14. From talking a lot to cis people, many people don't think about it. They are completely fine with the gender they were assigned at birth and don't really question it. For some people, even if they don't "feel" like their particular gender, they still consider themselves to "be" that gender anyway, because they're happy playing that role in their community/society. 1. Gender, to me, is a social role. It's a group people fit in with in some way - whether that's based on behaviour, socialization, comfort, etc. For some people (like me!), when they look at the gender roles in society around them (and how people express them in diverse ways), they don't feel like any one of them fits. What social role am I? I don't know. I have some stereotypically 'feminine' traits and some stereotypically 'masculine' traits. I feel awkward at women-only events, like I don't really belong there. I feel awkward at men-only events, as well. For me, gender is something I understand theoretically but don't feel I'm a part of. Especially because many people are breaking down the stereotypes associated with different genders, it's harder for me to know which one I really am. 2. Gender does matter to me, mainly because it seems to matter to everyone else. I mentioned that I know a lot of cis people who say they "don't really think about" their identity, but they will always go to events that are for their specific gender. This confuses me, because people simultaneously say "gender doesn't matter to me" and "well, I'm X gender so I should go to X gender event and not to Y gender event." I also find that cis people, when I really question them about what gender means to them, can't tell me what gender is apart from "it just feels right." Because I never "felt right" in the gender I was assigned, or in the other gender available to me, I just opt out of the whole thing. It matters to me because I don't like people putting me in a category just because I act a certain way, one time. 3. Honestly, sometimes I do and sometimes I don't! Haha. Sometimes I can very clearly understand that I'm agender, because I don't categorize my actions and feelings based on gender. I'm just me. The stuff I do doesn't have a gender and I don't feel like I fit in with anyone except for other agender, genderqueer, or non-binary people. The queer gender group of people "feels right," but it's hard for me to be more specific than that. Other times I can't tell what gender I am at all, because I don't fit anywhere or only partially fit somewhere. 4. For me, being genderfluid means I don't really control which gender group I feel a part of. Sometimes I am very clearly masculine and feel right in a group of men. Sometimes I am clearly feminine and feel right in a group of women. Sometimes I really connect to a non-binary person's experiences on a very personal level, and I feel like they are my in-group, if I had to define myself. Being genderfluid means I identify with different groups at different times, and since I am also agender sometimes, that means that occasionally I don't identify with any groups at all! The key is that it changes, and I can't control it. It's not influenced by me wearing certain clothes, being around certain people or in specific locations/situations, my body/biology, etc. Sometimes I like to use clothing and other ways of presenting to indicate to others that I am part of a particular gender group, but sometimes I don't bother. That's my personal experience. Hope that helps. These are good questions, by the way. I was asking similar questions a couple of years ago. Gender is a confusing concept and in different societies it is defined differently (and even different people define it slightly differently).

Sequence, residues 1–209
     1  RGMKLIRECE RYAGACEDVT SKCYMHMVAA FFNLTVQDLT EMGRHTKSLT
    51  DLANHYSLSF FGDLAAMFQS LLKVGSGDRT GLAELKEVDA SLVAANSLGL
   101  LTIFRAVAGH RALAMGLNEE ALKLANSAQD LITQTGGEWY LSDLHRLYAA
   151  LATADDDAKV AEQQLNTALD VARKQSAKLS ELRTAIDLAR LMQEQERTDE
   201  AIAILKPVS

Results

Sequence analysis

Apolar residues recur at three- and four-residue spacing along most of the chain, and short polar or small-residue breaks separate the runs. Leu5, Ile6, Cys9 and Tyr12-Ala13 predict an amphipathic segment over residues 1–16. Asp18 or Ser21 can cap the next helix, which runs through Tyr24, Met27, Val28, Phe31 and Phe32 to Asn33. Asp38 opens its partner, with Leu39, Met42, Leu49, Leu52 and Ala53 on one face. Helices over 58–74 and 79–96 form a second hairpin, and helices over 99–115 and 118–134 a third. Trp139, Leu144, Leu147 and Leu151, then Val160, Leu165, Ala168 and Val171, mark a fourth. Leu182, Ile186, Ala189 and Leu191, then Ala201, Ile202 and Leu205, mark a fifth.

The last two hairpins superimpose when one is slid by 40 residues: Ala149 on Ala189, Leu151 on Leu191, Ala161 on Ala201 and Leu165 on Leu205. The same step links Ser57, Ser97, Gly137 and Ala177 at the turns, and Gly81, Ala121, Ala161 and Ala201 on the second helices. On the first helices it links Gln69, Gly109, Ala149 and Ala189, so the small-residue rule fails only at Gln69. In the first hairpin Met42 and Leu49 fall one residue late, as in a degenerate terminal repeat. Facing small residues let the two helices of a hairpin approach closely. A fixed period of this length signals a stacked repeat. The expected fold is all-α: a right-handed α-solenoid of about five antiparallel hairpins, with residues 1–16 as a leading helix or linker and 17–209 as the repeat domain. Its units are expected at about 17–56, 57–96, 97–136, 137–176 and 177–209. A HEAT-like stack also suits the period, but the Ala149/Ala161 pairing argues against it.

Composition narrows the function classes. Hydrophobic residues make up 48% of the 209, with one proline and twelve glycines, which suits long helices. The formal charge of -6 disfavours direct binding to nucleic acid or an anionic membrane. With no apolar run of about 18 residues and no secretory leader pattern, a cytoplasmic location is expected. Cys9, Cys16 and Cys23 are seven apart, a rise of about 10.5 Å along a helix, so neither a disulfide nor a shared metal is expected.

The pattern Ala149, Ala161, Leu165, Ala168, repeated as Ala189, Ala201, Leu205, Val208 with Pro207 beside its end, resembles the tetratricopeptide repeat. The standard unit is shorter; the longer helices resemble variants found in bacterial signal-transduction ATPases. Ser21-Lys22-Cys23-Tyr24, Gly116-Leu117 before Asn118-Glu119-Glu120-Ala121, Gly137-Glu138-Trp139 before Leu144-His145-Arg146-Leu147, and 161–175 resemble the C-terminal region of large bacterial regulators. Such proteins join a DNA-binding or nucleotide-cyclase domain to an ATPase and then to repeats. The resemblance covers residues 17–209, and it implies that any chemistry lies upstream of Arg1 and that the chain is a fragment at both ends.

15. Welcome to the community I'm glad you're focusing on you and learning more about yourself in the process
  16. Welcome Thank you for sharing your story and I'm glad you are finding closure and happiness in this community. Here's some more aro ice cream:
  17. Last week
  18. My main reasons for not fully identifying as cis anymore are based on gender expectations that I want to be free from. For example, the norm for male friendships seems to be for the friendship to only involve doing things with each other and not talking about your lives at all. This isn't my idea of a good friendship, and I've dealt with that norm (mostly subconsciously) by mainly finding female friends, which has in the past led people to try to invalidate my identity as aromantic because they also thought that the only reason someone could be more inclined to make friends with the opposite gender was romantic feelings. The main therapist I see also repeatedly tried to tell me the perfect solution to not being able to find good friends because of people's prioritizing romance and the fact that what I want could be considered an emotional affair by alloromantics was to just try to find male friends, not understanding that it's hard to get the kind of support I want from friends from most male friendships. Also, I'm into Connie Glynn's Rosewood Chronicles series and the Frozen movies which are more female-oriented, and on one occasion a while ago I was in a hospital unit with mostly girls and they wanted to watch the movie Ice Princess, which staff there seemed to expect me not to agree to but I saw no reason not to watch it with them. So it's not because I have a problem with male identity labels that I now think I'm non-binary; it's because I'm realizing more and more that I don't fit what society expects from men and don't want to.